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  • #46
    Originally posted by Knight Templar View Post
    I don't know, anybody who would say everything she says just to make a few bucks is probably nuttier than someone who actually believes it!
    Call me a nut then. That woman knows what she's talking about and she isn't afraid to speak her mind. Offending someone isn't a crime. I like her straight talk.
    Ephesians 2:8
    For it is by grace you have been saved, through faith—and this not from yourselves, it is the gift of God
    Romans 11:29
    for God's gifts and his call are irrevocable.

    Comment


    • #47
      Speaking of Ann Coulter

      She does speak her mind and makes sense. By the way, she wrote the book that I was talking about in an earlier post about if democrats had brains, they would be republicans.

      Comment


      • #48
        Originally posted by theabaud View Post
        It makes me curious when you say "Liberal Libertarian," what does that mean? As we discussed in another thread "Liberal" is a word in constant and confusing flux, and I myself could describe myself in this manner and another person meaning something different could do the same. I have a feeling that you and I are pretty close in our political doctrines but want to check and see.

        To be open in that, I will say that I oppose about 95% of all government regulation and long for a return to the hands off approach of our founding fathers. I believe in the market and the ability of that to make a larger influence in the lives of people than anything we can force on people. I would call my self a republitarian.
        Basically by "liberal libertarian" I mean that I'm generally a libertarian, but more so on the social side than on the economic, and that I support more of economic liberals' policies than a more traditional libertarian would. For example, I support a moderate amount of welfare in addition to a generally free market. According to the Political Compass test, I'm exactly neutral (0.0) on the economic scale.
        "We are symbols and inhabit symbols; workmen, work, and tools, words and things, birth and death, all are emblems; but we sympathize with the symbols, and being infatuated with the economical uses of things, we do not know that they are thoughts." - Emerson, "The Poet" (Essays, Second Series)

        Comment


        • #49
          Originally posted by dan View Post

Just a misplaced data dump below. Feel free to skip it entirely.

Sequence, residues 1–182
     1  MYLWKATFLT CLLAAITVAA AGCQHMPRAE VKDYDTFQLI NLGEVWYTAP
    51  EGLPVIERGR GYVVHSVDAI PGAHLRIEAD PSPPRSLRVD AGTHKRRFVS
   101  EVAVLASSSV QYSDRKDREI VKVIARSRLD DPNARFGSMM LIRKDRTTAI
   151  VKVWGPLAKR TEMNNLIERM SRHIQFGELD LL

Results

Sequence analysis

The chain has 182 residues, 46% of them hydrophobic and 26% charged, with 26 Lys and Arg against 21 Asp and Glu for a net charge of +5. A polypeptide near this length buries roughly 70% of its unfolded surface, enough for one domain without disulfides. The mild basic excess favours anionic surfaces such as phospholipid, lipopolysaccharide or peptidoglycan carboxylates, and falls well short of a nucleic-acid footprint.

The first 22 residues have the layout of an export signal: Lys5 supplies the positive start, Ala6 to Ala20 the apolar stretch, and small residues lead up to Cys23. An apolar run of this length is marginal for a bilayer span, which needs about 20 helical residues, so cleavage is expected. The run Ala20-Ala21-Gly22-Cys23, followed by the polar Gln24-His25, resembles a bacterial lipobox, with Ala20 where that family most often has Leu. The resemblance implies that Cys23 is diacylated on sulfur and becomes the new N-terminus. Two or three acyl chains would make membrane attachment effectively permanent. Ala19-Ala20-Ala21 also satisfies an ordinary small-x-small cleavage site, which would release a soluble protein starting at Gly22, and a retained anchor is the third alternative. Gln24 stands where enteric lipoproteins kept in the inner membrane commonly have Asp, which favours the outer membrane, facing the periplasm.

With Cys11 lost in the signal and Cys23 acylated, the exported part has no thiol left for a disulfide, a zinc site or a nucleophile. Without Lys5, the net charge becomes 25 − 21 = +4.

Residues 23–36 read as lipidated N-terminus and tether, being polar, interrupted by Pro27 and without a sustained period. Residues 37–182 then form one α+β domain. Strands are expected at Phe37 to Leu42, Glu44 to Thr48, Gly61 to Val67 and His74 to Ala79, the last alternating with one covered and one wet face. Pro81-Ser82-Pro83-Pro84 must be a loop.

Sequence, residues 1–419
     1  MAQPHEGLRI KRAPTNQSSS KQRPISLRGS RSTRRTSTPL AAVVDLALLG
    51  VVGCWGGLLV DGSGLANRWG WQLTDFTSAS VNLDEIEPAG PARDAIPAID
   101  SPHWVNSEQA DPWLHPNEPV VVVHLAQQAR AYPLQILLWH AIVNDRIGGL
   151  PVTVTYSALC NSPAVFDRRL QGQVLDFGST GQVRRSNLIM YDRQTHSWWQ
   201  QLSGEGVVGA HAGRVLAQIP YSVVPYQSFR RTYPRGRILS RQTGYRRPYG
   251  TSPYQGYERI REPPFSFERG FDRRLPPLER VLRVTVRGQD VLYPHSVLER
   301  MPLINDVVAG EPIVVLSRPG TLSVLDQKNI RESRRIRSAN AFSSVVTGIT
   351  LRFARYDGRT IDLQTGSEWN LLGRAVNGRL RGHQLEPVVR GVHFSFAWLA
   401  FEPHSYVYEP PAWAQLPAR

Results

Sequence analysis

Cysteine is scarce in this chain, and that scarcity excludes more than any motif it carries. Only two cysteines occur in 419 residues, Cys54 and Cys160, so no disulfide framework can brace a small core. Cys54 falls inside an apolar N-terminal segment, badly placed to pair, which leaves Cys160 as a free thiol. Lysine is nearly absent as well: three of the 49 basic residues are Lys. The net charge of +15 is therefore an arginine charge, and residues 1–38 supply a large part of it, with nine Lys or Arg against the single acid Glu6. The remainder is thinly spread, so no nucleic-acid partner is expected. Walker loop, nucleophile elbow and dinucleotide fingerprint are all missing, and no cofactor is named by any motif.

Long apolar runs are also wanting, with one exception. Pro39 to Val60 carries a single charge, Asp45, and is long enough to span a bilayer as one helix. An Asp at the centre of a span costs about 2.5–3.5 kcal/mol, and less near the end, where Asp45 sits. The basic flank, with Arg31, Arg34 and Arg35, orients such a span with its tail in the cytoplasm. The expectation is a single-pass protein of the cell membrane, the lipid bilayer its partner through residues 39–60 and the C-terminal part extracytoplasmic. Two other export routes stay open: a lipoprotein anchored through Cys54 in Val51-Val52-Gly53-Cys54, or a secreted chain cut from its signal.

If anyone is Gay, assuming it is by choice, that is a liberal position IMO. His feelings that support Conservative Values are greatly appreciated, except for the division that it demonstrates.
          That's not really a "position" in the normal sense of the word; "I like men" can't be called a political position in the same way that "I support the death penalty" is one. (I do not do either one, by the way.) As for its being a liberal position, it doesn't really indicate that the gay person believes that the government should abstain from interfering in personal matters but involve itself to a certain degree in economic ones.

          Originally posted by dan View Post
          No. I'm suggesting that liberal politicians are more likely to abuse their power. The "new" Eminent Domain allows a governmental entity to acquire private property at a fair price, and turn it over to another private entity just because it would be an enhancement to the community. Abused!
          To convince me that liberal politicians are more likely to abuse power, you'd have to either find a consistent pattern of abuse or something inherent in liberalism that causes it; one example is not sufficient.

          Originally posted by dan View Post
          I support evil's right to exist because the Constitution says that is correct. But their existence does incite others IMO.
          Possibly, but that doesn't negate one's right to sin if it does not hurt another (and "hurt" in the sense of causing someone else to sin is far too vague and impossible to determine to legislate against).
          "We are symbols and inhabit symbols; workmen, work, and tools, words and things, birth and death, all are emblems; but we sympathize with the symbols, and being infatuated with the economical uses of things, we do not know that they are thoughts." - Emerson, "The Poet" (Essays, Second Series)

          Comment


          • #50
            The "new", "fashonable",...

            Originally posted by Luke34 View Post
            That's not really a "position" in the normal sense of the word; "I like men" can't be called a political position in the same way that "I support the death penalty" is one. (I do not do either one, by the way.) As for its being a liberal position, it doesn't really indicate that the gay person believes that the government should abstain from interfering in personal matters but involve itself to a certain degree in economic ones.
            ...Split personality.
            You've never heard of a person being, "morally liberal", but, "economically conservative"?

            Originally posted by Luke34 View Post